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Party of One: The Loners' Manifesto 

A wonderful validation for solo fliers, from the self-proclaimed to the reluctant

Wednesday, Mar 26 2003
By Anneli Rufus

Marlowe & Company (2003), $14.95

As an avowed loner, I was immediately drawn to Party of One: The Loners' Manifesto by Anneli Rufus (books editor at our sister paper, the East Bay Express). Throughout my reading, I experienced numerous moments of recognition and kinship. Her discussions of friendship were particularly relevant to me: "[T]ime shared, even with true friends, often requires loners to put in extra time alone, overtime, to recharge. It is a matter of energy: As a rule, loners have less for the social machinery, the talk and sympathy. Our fuel runs out." Plus, the book is an entertaining and informative read. The author has done her research, and she ties myriad threads together seamlessly (from political economist Thorstein Veblen to baseball superstar Barry Bonds to the latest buzzword in lonerdom, the "quirkyalone"), weaving them tighter with humor.

But for every chord struck I felt just as many moments of discord. As much as Party of One illuminates the loner's place in society and, as Rufus set out to, refines the term ("'[L]oner' is not a synonym for 'misanthrope.' Nor is it one for 'hermit,' 'celibate,' or 'outcast.'" Rather a loner is simply "someone who prefers to be alone."), the book also seems like a personal rebuke to that society, aka "the mob." Rufus spends too much time deriding the mainstream ("A nonloner need not be smart, skilled, or in any way distinguished to have friends"), and the overarching criticism left a sour taste in my mouth. In a Q&A with Rufus included with the press materials, she states, "I think the majority -- that is, nonloners -- tend to disparage what they don't understand, and to demonize whatever makes them afraid. It's human nature, a self-protective response." Unfortunately, she seems guilty of the same thing.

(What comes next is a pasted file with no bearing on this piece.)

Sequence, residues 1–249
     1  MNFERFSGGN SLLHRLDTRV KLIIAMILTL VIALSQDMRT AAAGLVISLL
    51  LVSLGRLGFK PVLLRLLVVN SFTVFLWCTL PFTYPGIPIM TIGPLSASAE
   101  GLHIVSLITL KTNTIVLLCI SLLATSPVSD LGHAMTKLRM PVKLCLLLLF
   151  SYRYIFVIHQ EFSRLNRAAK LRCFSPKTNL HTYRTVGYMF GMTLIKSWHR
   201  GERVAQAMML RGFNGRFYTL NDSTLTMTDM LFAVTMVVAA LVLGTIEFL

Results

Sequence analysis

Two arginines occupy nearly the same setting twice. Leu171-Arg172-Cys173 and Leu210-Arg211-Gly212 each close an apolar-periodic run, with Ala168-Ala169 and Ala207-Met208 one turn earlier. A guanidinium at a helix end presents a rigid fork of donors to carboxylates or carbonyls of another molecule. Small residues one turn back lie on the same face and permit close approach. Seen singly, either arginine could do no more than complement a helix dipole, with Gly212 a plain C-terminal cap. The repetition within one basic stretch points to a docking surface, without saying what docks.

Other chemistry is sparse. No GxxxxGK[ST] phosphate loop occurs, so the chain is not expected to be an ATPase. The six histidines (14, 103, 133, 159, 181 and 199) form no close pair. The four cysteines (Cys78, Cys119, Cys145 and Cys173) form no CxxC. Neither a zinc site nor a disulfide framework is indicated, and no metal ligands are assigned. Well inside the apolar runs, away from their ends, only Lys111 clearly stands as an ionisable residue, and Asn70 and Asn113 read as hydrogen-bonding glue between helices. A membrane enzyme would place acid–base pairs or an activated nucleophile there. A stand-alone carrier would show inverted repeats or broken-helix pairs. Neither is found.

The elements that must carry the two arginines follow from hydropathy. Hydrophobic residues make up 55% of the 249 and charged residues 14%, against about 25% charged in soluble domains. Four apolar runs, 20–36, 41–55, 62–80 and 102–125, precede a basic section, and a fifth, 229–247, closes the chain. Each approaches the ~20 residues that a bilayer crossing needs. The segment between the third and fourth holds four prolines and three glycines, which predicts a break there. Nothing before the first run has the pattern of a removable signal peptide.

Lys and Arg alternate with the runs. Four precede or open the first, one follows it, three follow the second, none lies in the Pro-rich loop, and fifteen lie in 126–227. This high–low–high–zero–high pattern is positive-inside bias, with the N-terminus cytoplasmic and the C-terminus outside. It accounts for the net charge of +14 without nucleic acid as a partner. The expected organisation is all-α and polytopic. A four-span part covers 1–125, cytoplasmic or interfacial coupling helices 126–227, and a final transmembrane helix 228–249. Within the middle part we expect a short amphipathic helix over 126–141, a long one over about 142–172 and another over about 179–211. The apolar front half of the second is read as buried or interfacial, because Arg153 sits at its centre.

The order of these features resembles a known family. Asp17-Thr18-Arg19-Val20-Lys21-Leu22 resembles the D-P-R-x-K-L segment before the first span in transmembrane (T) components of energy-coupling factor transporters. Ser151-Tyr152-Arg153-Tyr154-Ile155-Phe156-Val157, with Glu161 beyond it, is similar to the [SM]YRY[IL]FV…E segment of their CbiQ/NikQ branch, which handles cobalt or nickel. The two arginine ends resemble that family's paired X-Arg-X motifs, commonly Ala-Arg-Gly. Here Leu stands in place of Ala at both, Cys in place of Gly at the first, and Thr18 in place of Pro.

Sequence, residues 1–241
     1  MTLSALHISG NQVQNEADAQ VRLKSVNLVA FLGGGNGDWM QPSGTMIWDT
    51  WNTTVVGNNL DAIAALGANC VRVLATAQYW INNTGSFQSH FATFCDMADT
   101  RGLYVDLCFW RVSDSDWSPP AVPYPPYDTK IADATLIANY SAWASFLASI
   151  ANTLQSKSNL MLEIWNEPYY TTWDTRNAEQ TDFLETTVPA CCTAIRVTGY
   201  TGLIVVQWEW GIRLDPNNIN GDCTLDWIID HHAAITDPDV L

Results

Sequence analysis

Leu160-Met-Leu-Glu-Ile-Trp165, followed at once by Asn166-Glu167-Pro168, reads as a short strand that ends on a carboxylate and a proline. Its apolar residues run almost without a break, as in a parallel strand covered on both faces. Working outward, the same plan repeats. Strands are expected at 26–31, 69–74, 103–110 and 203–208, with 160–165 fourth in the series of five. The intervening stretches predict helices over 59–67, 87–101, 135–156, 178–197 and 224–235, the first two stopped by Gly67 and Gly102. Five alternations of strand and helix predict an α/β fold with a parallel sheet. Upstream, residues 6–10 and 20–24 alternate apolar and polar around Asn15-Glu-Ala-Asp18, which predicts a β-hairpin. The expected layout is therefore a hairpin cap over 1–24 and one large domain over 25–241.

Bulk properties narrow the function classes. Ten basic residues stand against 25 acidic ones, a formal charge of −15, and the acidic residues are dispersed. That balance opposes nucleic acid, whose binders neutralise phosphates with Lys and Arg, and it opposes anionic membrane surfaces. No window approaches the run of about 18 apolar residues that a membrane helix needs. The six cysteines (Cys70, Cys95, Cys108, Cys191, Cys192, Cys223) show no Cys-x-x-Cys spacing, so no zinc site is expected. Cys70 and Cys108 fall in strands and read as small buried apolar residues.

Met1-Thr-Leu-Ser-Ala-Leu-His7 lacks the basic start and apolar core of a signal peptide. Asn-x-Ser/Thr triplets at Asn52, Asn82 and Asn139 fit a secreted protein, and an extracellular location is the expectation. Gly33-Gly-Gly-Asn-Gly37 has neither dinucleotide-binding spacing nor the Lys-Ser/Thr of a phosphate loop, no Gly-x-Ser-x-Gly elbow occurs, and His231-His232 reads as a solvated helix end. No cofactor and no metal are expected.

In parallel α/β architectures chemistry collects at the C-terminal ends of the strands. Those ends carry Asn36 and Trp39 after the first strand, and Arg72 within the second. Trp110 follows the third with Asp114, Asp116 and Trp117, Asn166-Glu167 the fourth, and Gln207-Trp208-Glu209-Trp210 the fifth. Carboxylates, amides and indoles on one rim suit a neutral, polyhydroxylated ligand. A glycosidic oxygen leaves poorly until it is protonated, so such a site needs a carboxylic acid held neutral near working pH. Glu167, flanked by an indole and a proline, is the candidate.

I'm not writing off Party of One, though. The chapters are fairly discrete, so a reader could pick the topics that most interest him. And overall the book is a wonderful validation for loners everywhere, from the self-proclaimed to the closet to those (especially those) coming to terms with their lonerness. I'll make selected chapters recommended reading for my family and friends.

About The Author

Deborah Lewis


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